I shiver, thinking how easy it is to be totally wrong about people—to see one tiny part of them and confuse it for the whole, to see the cause and think it’s the effect or vice versa.” —from Before I Fall by Lauren Oliver
Maya and the Sword of Gringak
Maya is the average teenager, with the simple aspirations of any16-year-old. All she’s looking forward to is her dream date with Dhruv, the boy she’s had a yearlong crush on. As she heads home from the date, events set into motion that changes her very existence. Secrets from the past will be revealed. She discovers that she is not who she thought she was; what’s more, she must prepare to embrace a destiny that will make her the saviour of Earth. But is she really up for the task? Will she find the mighty sword? Will she be able to see herself as the true champion?
Maya and the Sword of Gringak is the most engaging young adult fantasy novel I have read till now. In short, I am blown away by how spectacular the complete package is; from the storyline to the characters and the narrative technique, I am in awe of the author’s literary prowess, to say the least.
The basic plotline traces the life of 16-year-old Maya, who is infatuated with her classmate, Dhruv. When her crush asks her out on a date, she is over the moon (come on, obviously!). But, it is during her return that a chain of events is set rolling, capable of altering Maya’s destiny as well as existence completely. With cataclysmic chaos anticipating the world she lives in, Maya strives to find the Sword or Gringak to protect her loved ones from the shadows of evil. This sweeping expanse of the storyline is enough for a reader to dive into the novel right away.
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To me, one of the most challenging aspects of writing Children’s or YA fiction is when you have to maintain a balance between real-life experiences and the fictional elements that would contribute to your narration. Some authors tend to overdo the experience part by adding just too many details pertaining to what the protagonist wore to an event, and other points of triviality. But Maya and the Sword of Gringak is a pleasing exception. The beauty of the novel lies in the candour of depicting teenage emotions while simultaneously endeavouring towards building the storyline at a gradual pace.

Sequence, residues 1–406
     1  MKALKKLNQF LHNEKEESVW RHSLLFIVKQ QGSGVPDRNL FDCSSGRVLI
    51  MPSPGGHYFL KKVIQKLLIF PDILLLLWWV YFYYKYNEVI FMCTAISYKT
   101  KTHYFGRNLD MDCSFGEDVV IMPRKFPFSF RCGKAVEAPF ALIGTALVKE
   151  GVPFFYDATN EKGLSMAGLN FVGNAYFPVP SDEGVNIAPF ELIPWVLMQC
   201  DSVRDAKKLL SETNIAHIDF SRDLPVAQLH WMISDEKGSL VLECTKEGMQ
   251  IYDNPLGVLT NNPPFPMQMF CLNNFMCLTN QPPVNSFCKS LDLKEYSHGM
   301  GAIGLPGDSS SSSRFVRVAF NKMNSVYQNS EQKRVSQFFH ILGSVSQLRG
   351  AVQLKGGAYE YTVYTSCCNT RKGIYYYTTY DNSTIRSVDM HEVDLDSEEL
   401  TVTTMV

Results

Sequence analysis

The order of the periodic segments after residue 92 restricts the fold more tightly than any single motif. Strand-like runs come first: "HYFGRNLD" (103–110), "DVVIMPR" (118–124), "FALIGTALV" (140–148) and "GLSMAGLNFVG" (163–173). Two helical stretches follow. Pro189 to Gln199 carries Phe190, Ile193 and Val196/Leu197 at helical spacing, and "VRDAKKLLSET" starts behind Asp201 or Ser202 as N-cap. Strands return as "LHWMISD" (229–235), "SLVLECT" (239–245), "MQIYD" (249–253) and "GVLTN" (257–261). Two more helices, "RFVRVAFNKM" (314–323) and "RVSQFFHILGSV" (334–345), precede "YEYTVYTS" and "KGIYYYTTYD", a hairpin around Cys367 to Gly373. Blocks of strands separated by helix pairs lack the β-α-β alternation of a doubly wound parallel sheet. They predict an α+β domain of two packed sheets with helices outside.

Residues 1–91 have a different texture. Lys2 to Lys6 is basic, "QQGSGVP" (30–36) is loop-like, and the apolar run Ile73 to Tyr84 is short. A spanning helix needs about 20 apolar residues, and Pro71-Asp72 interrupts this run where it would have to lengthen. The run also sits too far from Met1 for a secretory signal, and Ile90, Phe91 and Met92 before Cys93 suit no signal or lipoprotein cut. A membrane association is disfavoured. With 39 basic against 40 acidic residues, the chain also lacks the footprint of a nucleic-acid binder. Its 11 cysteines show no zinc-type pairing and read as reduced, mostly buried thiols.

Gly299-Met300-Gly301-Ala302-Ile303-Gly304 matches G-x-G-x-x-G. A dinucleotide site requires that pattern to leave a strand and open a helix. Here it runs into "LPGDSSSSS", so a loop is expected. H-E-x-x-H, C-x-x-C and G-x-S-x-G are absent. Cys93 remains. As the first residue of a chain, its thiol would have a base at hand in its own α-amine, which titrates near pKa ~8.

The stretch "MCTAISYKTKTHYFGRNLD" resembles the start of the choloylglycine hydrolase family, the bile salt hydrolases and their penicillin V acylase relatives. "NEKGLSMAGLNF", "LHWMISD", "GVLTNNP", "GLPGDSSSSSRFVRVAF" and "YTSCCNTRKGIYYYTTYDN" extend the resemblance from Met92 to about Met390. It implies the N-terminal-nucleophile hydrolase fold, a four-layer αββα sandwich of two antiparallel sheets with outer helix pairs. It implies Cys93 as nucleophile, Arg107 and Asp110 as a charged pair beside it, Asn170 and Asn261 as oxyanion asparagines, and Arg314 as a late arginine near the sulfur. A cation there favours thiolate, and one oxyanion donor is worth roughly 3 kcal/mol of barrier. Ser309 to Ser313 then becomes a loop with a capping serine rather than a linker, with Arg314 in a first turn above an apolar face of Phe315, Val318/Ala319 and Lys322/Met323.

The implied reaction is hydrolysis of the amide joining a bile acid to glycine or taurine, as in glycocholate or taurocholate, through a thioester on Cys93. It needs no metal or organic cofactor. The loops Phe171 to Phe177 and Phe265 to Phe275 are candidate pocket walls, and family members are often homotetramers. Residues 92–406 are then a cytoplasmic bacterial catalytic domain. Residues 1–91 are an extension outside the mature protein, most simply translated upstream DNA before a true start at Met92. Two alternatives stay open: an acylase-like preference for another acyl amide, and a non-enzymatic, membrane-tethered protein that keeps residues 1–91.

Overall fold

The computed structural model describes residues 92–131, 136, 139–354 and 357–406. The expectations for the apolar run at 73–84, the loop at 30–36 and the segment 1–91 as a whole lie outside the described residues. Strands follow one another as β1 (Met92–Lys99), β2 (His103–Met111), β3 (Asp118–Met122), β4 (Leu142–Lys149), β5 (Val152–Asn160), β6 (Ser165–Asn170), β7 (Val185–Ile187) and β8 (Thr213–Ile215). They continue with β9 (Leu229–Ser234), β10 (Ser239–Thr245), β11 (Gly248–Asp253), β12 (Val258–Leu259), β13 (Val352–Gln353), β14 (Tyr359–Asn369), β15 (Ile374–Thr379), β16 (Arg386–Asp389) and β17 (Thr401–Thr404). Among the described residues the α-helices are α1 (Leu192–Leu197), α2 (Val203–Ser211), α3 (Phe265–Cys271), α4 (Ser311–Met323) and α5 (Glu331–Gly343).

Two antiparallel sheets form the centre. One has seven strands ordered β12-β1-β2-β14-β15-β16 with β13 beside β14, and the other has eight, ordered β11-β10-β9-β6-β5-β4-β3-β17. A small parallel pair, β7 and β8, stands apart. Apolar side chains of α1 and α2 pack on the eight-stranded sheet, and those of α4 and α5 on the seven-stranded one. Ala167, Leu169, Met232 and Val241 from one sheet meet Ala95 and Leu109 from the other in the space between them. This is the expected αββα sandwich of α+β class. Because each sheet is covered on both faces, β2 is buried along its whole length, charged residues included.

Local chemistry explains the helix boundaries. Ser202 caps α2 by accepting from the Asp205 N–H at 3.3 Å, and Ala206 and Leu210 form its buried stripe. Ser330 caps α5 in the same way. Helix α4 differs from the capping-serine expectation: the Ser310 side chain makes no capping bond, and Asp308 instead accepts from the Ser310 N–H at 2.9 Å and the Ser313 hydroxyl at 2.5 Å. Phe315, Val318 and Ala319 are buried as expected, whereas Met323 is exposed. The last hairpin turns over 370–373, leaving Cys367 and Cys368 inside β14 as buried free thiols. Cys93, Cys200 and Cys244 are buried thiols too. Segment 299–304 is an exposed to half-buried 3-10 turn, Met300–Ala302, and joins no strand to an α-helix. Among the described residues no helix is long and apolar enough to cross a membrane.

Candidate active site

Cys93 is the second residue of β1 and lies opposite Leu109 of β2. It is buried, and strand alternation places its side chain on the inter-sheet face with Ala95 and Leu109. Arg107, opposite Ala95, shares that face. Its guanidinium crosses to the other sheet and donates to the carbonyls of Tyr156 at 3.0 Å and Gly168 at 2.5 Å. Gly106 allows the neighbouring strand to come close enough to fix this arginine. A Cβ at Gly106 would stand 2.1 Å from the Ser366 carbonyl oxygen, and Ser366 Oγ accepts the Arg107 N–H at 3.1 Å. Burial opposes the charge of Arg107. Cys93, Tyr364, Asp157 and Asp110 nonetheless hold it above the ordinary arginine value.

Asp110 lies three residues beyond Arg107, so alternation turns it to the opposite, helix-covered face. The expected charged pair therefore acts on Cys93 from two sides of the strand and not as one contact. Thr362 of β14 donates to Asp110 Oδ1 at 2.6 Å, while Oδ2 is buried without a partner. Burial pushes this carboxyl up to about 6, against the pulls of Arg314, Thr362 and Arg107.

Moreover, the characterisation done here is simply amazing. Maya and the Sword of Gringak has a wonderful cast that will move you in some of the most awe-inspiring ways. I personally loved how brilliantly the author has created Maya, a steadfast and headstrong protagonist who is just as much an adolescent as any other 16 year old. She is excited and nervous, disappointed and hopeful, anxious and confident at the same time. In fact, it is through Maya that we see the transition of an individual from childhood to adulthood, and I am amazed at how well the author has pulled off this feat.
Yet, what I loved most about Maya and the Sword of Gringak is how the story does not attempt to be a didactic tale for young adults, which Indian YA novels occasionally tend to be. Maya and the Sword of Gringak express the humane aspect of humans, that we fall only to rise again. This book is such a heartwarming source of inspiration and faith that, I must say, it deserves a sequel. As Spiderman said, “With great power comes great responsibility,” Maya is an important character in the entire cosmology depicted in the story, and our young heroine deserves more time in the plot. I would like to see how Maya matures into an adult while still retaining the steadfastness and candour she bore as a teenager. It would be a treat to witness such a riveting character growth. My best wishes to the author for her upcoming projects.